It was here that another fellow, Mike Larson, introduced me to his alternative to the traditional research paper.
For this project, which Larson called The Living History, his students combined research and history to create a written description of a historical event as if they (their narrators) had taken some part in or witnessed the event as it happened.
For instance, Dixie Dellinger, a teacher-consultant with the UNC Charlotte Writing Project who also served on the NWP Advisory Board, had her students make up surveys and polls, analyzing what they found (see Alternatives to Clip and Stitch: Real Research an Writing in the Classroom).
Tom Romano, a frequent speaker at National Writing Project sites, describes the "multi-genre paper" in which students use their research to create fiction and nonfiction pieces as well as other documents (see Romano's books for more).
Another pitfall each year is the widespread plagiarism.
Whether it's blatant or unintentional, plagiarism occurs far too frequently.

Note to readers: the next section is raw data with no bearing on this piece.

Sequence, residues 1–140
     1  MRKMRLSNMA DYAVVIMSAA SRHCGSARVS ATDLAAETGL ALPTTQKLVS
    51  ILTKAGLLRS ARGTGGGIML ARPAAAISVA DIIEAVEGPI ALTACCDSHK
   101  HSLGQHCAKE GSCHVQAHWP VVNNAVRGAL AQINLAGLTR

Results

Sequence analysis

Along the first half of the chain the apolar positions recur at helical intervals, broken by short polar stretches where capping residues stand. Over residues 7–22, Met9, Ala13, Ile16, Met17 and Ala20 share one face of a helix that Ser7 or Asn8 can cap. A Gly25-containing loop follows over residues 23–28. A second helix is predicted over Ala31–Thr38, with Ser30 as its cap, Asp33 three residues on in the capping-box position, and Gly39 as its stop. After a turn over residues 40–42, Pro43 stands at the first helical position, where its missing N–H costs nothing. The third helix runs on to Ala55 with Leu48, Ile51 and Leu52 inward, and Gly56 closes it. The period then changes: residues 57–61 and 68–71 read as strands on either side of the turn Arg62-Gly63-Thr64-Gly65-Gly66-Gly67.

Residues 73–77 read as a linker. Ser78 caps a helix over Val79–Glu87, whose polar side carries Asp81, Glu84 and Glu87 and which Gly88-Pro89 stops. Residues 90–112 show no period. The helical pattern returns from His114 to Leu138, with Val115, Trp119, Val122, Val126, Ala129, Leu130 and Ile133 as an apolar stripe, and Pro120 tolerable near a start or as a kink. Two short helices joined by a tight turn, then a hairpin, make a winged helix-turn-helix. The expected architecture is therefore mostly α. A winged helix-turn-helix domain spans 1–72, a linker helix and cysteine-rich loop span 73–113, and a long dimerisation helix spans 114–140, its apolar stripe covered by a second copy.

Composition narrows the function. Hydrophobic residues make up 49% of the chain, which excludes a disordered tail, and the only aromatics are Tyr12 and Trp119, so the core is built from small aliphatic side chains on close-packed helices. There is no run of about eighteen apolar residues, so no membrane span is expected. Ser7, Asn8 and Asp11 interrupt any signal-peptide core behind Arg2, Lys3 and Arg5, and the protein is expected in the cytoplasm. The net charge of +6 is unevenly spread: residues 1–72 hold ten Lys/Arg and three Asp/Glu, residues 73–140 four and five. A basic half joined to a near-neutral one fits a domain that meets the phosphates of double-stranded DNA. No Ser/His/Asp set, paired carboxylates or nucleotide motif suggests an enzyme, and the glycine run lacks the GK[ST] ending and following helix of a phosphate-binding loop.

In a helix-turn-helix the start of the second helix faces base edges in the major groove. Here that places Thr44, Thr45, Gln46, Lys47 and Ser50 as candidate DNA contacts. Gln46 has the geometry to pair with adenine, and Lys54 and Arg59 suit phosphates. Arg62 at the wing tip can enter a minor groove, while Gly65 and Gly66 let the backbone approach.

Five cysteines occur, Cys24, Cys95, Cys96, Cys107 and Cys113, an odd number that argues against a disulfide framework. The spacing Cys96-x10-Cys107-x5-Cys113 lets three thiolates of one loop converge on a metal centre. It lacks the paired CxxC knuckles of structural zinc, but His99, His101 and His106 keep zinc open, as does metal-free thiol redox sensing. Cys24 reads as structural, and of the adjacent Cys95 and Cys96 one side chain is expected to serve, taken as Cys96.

Our task was to compare and pool our resources, allowing us to add additional information others had found to our own research.
Then each of us was asked to take the information and embed it into a first-person narrative of someone who had lived through our particular event.
Indeed the possibilities of plagiarism, the likely gutting of student voice, and the general discontent students feel when embarking on a project for seemingly no other reason than the instructor's insistence that "later, you'll need to know how to do this" leave many teachers searching for alternative ways to teach the important skills the research paper requires.
And, in fact, many teachers—like Heckenlaible—have found less conventional ways to cover the same vital ground.